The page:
From new FBO to a solar farm, the future looks bright for LAL
Lakeland Linder Regional Airport is the busiest airport in the world — at least for one week every year when the Sun ’n Fun Fly-In is going on. And while that week is crazy busy, airport officials want you to know there’s a lot of activity going on at LAL all year round.
The airport opened a new FBO building March 18 and, just a few days later, airport officials revealed that Direct Air, an airline based in Myrtle Beach, S.C., will begin scheduled service to LAL, with airline officials saying they believe the airport could become a hub for tourists visiting Central Florida.
But GA pilots shouldn’t worry that they’ll be pushed out of LAL, he said. “I am a No. 1 supporter of GA,” he said. “All of these things can co-mingle and co-exist. Sun ’n Fun will not ever be interrupted.”
The airport received a $2 million grant from the Florida Department of Transportation to renovate the first floor of the former FBO, adding ticket counters, a baggage claim, and accommodations for the Transportation Security Administration.
It also got a $2.4 million FAA grant, plus another $1 million from FDOT, for improvements to the airport, including expanding the ramp and taxiway improvements designed to alleviate complex geometric intersections and improve the safety of taxiing aircraft at the airport.
“The taxiway coming out of the terminal area used to steer you into a convoluted spot,” Conrad said. “This has been identified as a ‘hot spot’ with a potential for runway incursions. These improvements will correct that.”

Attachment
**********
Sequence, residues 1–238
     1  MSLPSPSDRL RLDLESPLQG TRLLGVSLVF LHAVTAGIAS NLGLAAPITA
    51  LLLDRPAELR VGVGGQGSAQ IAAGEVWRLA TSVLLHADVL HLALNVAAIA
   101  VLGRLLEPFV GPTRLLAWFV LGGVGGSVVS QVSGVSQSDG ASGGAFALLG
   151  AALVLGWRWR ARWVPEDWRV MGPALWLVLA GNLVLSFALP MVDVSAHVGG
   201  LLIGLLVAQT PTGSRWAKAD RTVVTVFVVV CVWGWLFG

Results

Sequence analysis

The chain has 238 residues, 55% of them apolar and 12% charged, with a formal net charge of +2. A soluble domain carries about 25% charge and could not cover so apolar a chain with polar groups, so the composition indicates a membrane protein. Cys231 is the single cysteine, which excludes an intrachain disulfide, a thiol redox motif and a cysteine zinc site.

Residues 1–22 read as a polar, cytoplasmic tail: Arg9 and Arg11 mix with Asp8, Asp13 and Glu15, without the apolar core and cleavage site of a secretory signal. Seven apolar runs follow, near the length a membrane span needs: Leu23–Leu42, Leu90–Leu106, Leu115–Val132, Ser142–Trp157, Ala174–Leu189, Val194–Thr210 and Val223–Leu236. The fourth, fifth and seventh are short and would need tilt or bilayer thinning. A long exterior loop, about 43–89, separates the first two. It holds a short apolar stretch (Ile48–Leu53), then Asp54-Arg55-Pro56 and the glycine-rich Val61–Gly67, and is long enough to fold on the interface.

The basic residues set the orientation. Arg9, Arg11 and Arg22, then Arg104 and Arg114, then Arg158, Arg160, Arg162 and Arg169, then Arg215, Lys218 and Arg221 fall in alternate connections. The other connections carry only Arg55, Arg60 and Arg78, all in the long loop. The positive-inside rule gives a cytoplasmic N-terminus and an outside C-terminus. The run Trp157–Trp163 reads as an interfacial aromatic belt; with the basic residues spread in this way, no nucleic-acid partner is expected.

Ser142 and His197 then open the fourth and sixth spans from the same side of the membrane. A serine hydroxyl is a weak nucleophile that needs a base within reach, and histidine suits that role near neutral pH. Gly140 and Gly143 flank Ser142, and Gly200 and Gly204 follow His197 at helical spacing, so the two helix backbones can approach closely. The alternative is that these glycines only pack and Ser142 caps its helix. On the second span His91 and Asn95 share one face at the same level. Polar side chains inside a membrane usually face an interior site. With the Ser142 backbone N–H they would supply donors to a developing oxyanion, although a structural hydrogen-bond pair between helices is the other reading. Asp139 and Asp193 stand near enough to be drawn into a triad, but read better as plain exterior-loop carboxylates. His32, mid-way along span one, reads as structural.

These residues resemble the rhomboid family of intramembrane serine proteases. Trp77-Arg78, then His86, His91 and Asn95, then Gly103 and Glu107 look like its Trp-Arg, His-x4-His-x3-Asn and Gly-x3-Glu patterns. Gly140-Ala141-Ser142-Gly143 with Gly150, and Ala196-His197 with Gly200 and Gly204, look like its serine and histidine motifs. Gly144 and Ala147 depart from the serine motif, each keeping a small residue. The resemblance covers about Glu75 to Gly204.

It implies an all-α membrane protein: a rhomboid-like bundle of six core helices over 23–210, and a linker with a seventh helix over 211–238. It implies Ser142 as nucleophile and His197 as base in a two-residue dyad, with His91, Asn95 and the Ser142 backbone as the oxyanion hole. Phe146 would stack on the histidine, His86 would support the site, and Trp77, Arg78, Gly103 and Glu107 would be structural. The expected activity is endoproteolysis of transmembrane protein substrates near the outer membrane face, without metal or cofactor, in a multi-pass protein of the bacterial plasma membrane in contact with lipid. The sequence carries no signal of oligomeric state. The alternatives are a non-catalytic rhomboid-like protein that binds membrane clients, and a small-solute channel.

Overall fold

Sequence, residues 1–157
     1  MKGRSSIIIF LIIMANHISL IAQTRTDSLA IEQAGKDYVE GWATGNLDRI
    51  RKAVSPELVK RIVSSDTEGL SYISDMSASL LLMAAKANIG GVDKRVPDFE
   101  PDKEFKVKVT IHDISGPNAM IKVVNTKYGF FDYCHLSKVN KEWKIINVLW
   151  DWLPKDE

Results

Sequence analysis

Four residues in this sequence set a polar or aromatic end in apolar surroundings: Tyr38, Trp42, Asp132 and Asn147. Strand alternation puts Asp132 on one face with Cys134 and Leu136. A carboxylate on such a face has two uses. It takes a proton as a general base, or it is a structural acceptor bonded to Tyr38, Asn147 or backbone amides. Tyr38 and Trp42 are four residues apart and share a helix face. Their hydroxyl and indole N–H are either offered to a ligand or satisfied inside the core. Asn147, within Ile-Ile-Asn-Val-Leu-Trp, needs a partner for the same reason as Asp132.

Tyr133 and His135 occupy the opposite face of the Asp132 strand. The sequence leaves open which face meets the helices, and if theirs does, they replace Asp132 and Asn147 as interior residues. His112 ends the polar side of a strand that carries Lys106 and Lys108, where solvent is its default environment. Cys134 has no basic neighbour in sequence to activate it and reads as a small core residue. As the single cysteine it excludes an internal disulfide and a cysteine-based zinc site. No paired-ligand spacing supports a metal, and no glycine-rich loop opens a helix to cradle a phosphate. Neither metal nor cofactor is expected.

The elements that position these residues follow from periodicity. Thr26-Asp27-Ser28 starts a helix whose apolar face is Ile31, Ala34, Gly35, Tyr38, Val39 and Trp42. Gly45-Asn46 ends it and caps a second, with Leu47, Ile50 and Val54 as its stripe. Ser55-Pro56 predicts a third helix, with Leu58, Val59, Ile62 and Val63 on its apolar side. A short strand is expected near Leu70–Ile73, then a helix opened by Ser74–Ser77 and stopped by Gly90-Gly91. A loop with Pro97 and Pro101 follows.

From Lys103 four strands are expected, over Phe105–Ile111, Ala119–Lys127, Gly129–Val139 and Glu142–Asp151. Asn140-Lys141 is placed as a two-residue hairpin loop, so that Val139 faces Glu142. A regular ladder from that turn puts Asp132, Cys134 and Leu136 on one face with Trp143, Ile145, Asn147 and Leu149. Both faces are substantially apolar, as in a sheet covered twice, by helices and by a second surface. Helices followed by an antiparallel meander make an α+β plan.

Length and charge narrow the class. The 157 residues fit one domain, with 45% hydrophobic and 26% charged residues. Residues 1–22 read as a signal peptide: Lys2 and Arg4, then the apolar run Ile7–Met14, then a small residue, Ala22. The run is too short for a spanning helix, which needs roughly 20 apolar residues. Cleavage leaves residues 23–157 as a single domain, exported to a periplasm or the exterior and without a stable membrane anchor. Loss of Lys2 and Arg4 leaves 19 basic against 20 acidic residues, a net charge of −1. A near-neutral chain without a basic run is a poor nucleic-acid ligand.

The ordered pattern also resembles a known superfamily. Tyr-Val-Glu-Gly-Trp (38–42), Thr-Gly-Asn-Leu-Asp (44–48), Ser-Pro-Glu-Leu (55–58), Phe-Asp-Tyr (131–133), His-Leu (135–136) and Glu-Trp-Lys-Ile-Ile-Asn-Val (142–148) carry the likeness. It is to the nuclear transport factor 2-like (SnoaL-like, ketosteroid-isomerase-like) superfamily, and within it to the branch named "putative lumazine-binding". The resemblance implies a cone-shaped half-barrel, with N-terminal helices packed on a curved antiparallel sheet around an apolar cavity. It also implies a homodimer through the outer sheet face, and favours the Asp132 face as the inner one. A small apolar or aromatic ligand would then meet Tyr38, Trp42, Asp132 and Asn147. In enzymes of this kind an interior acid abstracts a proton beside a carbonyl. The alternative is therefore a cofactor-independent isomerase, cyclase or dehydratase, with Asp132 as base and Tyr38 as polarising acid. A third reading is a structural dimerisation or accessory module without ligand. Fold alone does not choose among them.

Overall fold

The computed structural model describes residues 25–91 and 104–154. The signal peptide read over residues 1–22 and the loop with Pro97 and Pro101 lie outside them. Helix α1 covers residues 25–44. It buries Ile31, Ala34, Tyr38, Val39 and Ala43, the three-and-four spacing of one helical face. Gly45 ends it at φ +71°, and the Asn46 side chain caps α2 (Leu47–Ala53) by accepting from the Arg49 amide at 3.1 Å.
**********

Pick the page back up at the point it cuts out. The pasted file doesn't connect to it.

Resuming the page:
It also will provide for the straightening of another taxiway coming out of the T-hangar area. “If you are not paying attention, the current layout allows for an aircraft or vehicle to go right across the runway without realizing it,” he said, noting that second taxiway project is slated to begin after Sun ’n Fun.
The airport is also building a seven-acre pond. “In Florida, every time you build an impervious structure, you must build a pond,” he said, explaining everything north of runway 9-27 will drain into the 20-foot-deep pond. “We took out 210,000 cubic tons of dirt. We’re also building embankments to deter wildlife.”
And the big news announced during Sun ’n Fun is that the airport is preparing to break ground on a 40-acre solar farm on the far west side of the airport. The 5.5 megawatt solar farm is expected to generate more than 216 million kilowatt hours of solar energy over the next 25 years.
The large panels will be at the end of the runway, but pilots shouldn’t worry, Conrad said. “The panels don’t reflect light, but rather pulls it in, so they are not a hazard for aviation,” he explained.
The solar farm will be a big boost for the airport’s bottom line, giving it a $200,000 credit off its $270,000 annual utility bill, he added. “That is a huge deal for us,” he said. “It will help makes us more solvent and self-sustaining.”
But with all the activity going on at the airport, Conrad notes the most important development is the opening of the Central Florida Aerospace Academy.
“The stars are aligning for us,” he said. “There are tremendous opportunities for aviation at this facility, but the CFAA is the most exciting development. I can’t define what that will mean for the airport or the community, but we can dream and I think it’s going to be big.”
He added there’s been talk of adding glider operations to the airport so the academy’s students can get involved at a younger age.
“We need to keep the airport vibrant and continue to push,” he said. “We’ve got to get the youth engaged.”
For more information: LakelandAirport.com